Tyrone B. Hayes is Hard As Hell: Scientist’s Emails Bring Controversial Herbicide to Light

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The Lyricism, The Emails, and Professionalism

Although Syngenta is responsible for releasing Hayes’ emails in hopes of exposing his aggression with the company, the plan may have backfired as the publicity has indirectly shed light on the controversy that is Syngenta. So although this may work to Hayes advantage in the end, is he apologetic for sending those emails? Yes and no. “They’ve said some lewd things to me and I will admit I have regrettably responded back to them with the same kind of language,” he said, adding that he “responded in a way that i would argue is culturally [relevant]. They tried to intimidate me, and I responded back with intimidation.”

The publication of those emails may have served to undermine his credibility but Hayes’ take on professionalism is one that does not align with that of the the status quo anyhow. “In one of my emails, I say screw professionalism,” he said. “What I’m doing by definition is professional because I am a professional. Not the other way around. When I write, I think there has to be a format. When I speak, I should be able to express myself any way I want as long as the data and information are getting across. I’m invited to give 50 lectures abroad every year – the info is getting across and it’s getting across in a way with who I am as a person.”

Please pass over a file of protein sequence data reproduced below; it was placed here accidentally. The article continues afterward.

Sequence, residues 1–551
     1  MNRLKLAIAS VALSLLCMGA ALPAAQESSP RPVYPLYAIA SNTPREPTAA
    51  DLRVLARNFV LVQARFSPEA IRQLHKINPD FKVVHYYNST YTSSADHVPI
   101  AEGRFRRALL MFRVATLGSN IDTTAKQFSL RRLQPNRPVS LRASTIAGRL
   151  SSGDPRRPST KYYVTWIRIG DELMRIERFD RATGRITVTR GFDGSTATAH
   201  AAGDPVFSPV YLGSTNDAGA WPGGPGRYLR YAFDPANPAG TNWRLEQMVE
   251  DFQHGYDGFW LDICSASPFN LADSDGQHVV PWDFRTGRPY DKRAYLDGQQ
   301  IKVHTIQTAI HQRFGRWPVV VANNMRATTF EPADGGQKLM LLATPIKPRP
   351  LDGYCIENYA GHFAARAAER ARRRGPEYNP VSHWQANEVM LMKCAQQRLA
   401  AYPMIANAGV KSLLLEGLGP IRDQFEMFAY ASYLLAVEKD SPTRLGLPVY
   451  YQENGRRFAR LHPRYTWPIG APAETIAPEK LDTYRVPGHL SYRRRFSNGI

Tupac, LL Cool J, and DMX are a few of the rappers who Hayes evoked in his communications. There is no confusion as to why he used rap lines to get his point across as he cites the genre and the musical culture as naturally intertwined with his identity. “To quote an old rap line, you gotta know who you are to be black,” he said. “For a black man in academia, especially in the sciences, you really have to know who you are and you really have to be firm in the sense that everyone is still looking for you to screw up, everyone is looking for you to prove that you were some affirmative action mistake and you shouldn’t be here.”

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